William G. Borchert describes denial as “a frightening, insane frame of mind that kills thousands of alcoholics and drug addicts every single year” in an article he wrote for Rehab centre. He further states, “denial of one’s addiction is an almost incomprehensible, powerful force in the face of the stark and harmful behaviour associated with the disease itself.”
Addiction is an illness of evading reality – and the way addicts do it is to escape via medicating or addictive activities that bring relief from painful thoughts and emotions, however brief that may be.
One of our most essential skills is the ability to distinguish between reality and fantasy. Addicts live in a world of so many rationalizations and delusions to justify their behaviour that everything real becomes blurred and impossible to cope with.
Accepting reality enables us to live in fact.
Acknowledging a painful truth is not easy for most of us, especially if we’re used to denying or controlling our feelings and circumstances. Yet, change begins with acceptance of reality. Herein lays our power.
Tips on how to deal with an addict:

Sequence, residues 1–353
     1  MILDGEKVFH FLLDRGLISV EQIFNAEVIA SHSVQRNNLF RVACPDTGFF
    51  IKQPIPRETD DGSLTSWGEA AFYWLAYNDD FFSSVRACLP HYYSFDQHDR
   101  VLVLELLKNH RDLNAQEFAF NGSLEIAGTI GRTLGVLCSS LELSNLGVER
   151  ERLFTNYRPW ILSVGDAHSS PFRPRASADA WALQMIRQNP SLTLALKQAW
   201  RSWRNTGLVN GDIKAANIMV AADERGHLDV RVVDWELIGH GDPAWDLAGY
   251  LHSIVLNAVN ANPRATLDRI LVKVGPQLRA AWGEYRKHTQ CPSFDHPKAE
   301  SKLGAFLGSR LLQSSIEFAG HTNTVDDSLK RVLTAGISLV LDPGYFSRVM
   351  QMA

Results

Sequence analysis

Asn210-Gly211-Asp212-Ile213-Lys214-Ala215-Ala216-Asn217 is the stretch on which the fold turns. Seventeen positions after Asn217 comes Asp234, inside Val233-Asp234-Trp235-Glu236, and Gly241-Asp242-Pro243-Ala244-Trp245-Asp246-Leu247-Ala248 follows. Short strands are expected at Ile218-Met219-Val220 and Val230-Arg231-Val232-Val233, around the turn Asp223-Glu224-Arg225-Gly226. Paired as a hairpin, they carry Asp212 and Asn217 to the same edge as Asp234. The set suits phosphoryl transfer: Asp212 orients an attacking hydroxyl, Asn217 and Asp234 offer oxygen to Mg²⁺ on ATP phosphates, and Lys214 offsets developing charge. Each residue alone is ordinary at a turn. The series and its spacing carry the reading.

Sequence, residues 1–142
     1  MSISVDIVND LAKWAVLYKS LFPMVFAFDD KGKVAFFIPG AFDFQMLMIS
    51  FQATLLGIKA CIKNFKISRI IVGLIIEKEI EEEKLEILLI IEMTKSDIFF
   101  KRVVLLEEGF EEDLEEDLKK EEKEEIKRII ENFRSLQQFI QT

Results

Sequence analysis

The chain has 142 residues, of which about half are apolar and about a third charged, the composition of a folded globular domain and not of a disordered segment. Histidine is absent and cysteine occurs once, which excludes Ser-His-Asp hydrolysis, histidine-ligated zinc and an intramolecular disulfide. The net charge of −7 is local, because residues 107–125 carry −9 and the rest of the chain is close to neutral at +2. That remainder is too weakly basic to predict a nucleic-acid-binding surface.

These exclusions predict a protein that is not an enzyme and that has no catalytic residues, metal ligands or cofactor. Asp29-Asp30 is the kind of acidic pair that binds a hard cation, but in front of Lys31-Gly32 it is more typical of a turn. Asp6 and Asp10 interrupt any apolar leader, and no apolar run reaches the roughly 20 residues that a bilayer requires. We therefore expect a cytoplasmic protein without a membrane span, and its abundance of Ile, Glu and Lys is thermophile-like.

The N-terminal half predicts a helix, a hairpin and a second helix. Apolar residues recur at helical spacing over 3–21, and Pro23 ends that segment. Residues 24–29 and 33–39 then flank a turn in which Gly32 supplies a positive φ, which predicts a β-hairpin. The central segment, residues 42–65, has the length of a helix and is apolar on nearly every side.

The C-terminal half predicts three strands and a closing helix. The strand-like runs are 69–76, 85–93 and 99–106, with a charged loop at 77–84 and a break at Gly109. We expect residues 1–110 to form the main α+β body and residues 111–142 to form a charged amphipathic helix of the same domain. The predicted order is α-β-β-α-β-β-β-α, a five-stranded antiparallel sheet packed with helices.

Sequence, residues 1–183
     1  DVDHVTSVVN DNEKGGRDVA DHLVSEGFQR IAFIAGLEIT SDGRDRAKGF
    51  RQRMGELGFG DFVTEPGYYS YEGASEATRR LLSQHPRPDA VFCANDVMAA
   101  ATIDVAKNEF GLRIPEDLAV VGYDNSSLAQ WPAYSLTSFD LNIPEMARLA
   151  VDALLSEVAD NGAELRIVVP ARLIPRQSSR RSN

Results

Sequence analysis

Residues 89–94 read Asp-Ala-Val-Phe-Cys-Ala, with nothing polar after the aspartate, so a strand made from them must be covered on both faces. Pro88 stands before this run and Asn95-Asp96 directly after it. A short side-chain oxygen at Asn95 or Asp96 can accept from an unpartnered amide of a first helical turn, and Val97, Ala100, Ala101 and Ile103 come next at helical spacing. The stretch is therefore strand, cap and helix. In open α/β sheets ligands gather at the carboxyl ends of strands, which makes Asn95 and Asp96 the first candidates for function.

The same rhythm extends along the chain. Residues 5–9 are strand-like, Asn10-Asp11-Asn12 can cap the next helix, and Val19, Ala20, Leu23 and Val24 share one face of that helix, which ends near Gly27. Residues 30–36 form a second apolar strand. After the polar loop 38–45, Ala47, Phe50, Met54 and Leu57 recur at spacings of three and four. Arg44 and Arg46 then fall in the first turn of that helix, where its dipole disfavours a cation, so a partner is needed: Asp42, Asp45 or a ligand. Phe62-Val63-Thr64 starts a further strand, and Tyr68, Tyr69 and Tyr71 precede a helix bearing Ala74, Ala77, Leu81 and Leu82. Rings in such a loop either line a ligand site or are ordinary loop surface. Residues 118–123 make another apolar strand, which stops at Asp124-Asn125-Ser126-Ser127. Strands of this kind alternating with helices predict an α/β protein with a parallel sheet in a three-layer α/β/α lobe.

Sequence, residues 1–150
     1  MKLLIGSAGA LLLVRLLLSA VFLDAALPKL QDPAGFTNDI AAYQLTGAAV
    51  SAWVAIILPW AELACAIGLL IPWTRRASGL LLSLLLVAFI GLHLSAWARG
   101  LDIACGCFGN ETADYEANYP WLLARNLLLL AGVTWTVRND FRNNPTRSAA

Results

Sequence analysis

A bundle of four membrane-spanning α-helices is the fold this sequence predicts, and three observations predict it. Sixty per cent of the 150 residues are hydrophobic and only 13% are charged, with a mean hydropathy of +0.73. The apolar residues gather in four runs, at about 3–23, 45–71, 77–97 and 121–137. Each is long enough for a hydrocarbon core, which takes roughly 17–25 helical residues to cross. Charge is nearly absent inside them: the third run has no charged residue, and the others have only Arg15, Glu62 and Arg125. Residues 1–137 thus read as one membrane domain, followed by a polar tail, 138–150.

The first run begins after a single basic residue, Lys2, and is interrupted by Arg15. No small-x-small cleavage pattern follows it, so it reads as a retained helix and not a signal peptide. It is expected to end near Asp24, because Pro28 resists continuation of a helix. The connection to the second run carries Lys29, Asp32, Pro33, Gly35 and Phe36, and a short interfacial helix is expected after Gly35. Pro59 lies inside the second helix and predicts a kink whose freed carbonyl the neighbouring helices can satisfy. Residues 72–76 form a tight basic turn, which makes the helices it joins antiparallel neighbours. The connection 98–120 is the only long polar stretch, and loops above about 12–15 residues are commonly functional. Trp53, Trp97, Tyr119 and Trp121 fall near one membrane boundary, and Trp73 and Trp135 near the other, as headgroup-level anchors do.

- Set boundaries – for you and the addict
- Commit not to enable them
- Don’t give in to manipulation
- Motivate addict to seek treatment
- Organise an intervention with a professional – you are not alone
- Take care of yourself – never blame yourself.
Tips on how to motivate someone to seek help
- Stay calm – stay in the now – stick to the problem
- Demonstrate empathy
- Encourage responsibility
- Enlist help
Tips on how to confront a child about drug use:
- If you have a spouse/partner – do this together. Present a united front.
- Pick a time when the addict is sober, avoid interruptions
- Stay calm – focus on the problem – don’t overreact – don’t judge
- Try to set a realistic goal for the conversation
- Expect the conversation to be uncomfortable
- Expect the child will react in anger /embarrassment/ lying/ manipulation/ blaming
- Be ready to present them with proof if they go into denial
- Empathise with how they feel.
- Emphasize how important honesty is.
- Set rules on how this is going to play out and the consequences of breaking them
- Get in professional help.
You may chat with an online counsellor on LIVE CHAT for more help.
Reference: Denial: The stepchild of ignorance and shame, William g. Borchert. August 10, 2017. Rehabcenter.net